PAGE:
7. 7. 7 Department of Computer Science, Faculty of Information Science and Technology, East Africa University 13 McFarlan’s Application Portfolio (cont…) Department of Computer Science, Faculty of Information Science and Technology, East Africa University 14 McFarlan’s Application Portfolio (cont…)  High potential includes applications that can be very important to reach future success. These applications are characterised by a rapid prototyping development with a power to refuse failures before spending a lot of resources.  Strategic applications are critical for the activity and of highest potential value. These are applications that the company strategically trusts on to reach future success.
  8. 8. 8 Department of Computer Science, Faculty of Information Science and Technology, East Africa University 15 McFarlan’s Application Portfolio (cont…)  The key operational applications are those the organisation is dependent on in the present-day situation to reach success. The key operational applications are important for the primary process and increase their value.  The support includes applications that support the activity but are not in strategically valuable. The support systems are not critical for the organisation’s future if they are not wasteful with valuable resources or if the market share is being changed. Department of Computer Science, Faculty of Information Science and Technology, East Africa University 16 McFarlan’s Application Portfolio (cont…)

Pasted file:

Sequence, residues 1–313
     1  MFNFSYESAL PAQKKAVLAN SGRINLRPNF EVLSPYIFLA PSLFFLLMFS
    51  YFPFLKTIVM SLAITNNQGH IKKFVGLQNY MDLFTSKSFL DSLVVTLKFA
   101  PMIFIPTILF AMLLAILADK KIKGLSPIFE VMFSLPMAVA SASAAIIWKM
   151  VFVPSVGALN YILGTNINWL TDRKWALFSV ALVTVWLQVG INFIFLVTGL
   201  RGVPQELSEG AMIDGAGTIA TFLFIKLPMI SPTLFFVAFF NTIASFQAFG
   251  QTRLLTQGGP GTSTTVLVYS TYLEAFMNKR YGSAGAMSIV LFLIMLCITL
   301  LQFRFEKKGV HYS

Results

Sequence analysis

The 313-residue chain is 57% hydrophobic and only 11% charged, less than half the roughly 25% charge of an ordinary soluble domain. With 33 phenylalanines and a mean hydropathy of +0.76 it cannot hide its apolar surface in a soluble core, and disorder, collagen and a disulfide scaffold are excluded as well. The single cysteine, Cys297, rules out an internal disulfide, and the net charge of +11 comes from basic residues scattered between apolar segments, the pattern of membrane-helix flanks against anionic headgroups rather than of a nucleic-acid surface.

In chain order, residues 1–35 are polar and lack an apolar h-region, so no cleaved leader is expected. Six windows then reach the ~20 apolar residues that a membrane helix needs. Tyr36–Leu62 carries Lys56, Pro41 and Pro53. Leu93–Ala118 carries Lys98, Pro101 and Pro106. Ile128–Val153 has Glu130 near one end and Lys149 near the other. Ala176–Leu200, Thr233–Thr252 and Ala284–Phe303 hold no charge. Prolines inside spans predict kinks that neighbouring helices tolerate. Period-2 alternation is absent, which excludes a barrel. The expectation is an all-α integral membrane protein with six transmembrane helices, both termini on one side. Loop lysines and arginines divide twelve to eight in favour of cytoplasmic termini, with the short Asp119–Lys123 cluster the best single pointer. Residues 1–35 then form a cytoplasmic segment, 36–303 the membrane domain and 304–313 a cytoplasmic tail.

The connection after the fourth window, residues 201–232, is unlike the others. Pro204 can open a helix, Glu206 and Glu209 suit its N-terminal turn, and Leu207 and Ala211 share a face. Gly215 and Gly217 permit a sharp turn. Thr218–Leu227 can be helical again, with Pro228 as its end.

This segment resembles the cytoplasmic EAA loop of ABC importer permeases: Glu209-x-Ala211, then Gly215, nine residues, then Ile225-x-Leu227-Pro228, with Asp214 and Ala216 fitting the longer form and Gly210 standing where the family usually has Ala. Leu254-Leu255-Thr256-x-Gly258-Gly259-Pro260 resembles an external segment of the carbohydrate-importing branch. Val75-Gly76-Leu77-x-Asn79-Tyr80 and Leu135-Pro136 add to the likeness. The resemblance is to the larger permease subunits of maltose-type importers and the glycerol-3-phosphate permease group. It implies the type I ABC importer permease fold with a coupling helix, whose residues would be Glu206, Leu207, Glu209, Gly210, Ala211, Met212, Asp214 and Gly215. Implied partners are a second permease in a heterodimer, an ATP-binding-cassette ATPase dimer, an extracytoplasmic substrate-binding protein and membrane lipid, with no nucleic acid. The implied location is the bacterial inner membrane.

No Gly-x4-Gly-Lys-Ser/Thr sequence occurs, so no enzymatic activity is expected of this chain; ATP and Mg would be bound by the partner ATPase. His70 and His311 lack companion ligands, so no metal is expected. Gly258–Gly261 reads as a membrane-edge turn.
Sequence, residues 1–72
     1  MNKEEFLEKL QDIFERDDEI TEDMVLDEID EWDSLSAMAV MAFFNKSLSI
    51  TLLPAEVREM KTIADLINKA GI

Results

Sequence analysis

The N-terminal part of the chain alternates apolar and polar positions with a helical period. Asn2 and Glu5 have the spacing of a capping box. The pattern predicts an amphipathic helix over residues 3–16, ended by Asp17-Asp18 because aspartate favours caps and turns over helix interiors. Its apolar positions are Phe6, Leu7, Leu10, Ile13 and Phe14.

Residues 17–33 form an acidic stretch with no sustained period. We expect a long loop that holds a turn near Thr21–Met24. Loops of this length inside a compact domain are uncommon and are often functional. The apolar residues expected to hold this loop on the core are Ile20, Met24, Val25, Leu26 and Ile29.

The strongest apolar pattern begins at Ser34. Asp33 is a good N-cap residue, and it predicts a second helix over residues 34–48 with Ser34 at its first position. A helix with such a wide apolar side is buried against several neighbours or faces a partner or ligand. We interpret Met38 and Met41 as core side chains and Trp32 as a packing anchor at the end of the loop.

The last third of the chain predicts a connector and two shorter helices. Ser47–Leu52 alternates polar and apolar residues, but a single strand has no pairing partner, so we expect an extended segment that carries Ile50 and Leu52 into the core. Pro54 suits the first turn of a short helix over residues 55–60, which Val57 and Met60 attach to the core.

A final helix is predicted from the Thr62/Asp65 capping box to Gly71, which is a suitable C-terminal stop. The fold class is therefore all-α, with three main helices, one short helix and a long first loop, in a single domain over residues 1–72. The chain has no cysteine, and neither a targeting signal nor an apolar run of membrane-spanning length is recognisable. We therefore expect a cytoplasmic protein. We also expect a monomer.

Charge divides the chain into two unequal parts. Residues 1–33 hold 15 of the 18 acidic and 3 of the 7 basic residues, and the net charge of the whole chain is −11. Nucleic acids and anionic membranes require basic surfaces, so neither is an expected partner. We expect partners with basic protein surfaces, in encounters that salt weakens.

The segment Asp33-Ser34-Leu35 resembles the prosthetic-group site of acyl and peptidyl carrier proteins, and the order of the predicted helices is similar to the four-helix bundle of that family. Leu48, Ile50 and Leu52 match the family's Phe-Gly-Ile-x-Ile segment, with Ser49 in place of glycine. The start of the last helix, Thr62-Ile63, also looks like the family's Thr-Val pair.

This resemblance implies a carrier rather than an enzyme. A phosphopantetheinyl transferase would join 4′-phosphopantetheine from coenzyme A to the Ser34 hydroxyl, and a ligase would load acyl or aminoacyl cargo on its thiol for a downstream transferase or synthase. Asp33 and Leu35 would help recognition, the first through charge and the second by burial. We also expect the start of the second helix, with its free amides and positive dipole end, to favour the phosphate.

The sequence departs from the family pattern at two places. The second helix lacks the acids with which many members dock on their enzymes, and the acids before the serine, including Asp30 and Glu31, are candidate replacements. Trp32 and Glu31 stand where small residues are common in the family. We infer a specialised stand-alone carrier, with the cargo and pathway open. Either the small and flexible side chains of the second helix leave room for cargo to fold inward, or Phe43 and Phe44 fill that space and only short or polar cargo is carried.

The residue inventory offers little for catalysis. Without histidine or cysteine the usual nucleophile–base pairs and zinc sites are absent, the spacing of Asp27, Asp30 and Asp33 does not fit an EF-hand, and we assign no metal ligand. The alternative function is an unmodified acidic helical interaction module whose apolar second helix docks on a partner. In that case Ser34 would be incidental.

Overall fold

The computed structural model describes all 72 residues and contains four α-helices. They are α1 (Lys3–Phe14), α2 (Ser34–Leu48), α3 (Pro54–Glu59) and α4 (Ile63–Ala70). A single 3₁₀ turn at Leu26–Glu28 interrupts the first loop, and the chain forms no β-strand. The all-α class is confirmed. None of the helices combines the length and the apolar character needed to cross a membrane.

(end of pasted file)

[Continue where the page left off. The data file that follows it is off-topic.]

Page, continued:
9. 9. 9 17 McFarlan’s Application Portfolio (cont…)  Organisation:  the organisation of the IS function including the processes for formulating and implementing IS policies. This does not include the broader organisational implications associated with the implementation of new systems. These are addressed in the Organisational issues beyond the IS function and Networked organisations in a post- industrial world modules;  Data:  the data architecture required to support the required applications;  Technology:  the technology architecture required to deliver the required applications; Department of Computer Science, Faculty of Information Science and Technology, East Africa University 18 Earl's Audit Grid  From an examination of McFarlan & McKenney’s Grid, it should be obvious why a company should have an IT strategy.  If a company is on either the turnaround or strategic quadrants of McFarlan’s Grid, then obviously a company should have the appropriate strategy to enable it to plan for future developments.  Even if it is in the factory quadrant, IT systems are mission critical and the company should have a strategy as to  (a) how to maximise the benefits arising from its deployment of IT, and  (b) how to cope in the event of a systems failure (i.e. have a back-up or recovery plan).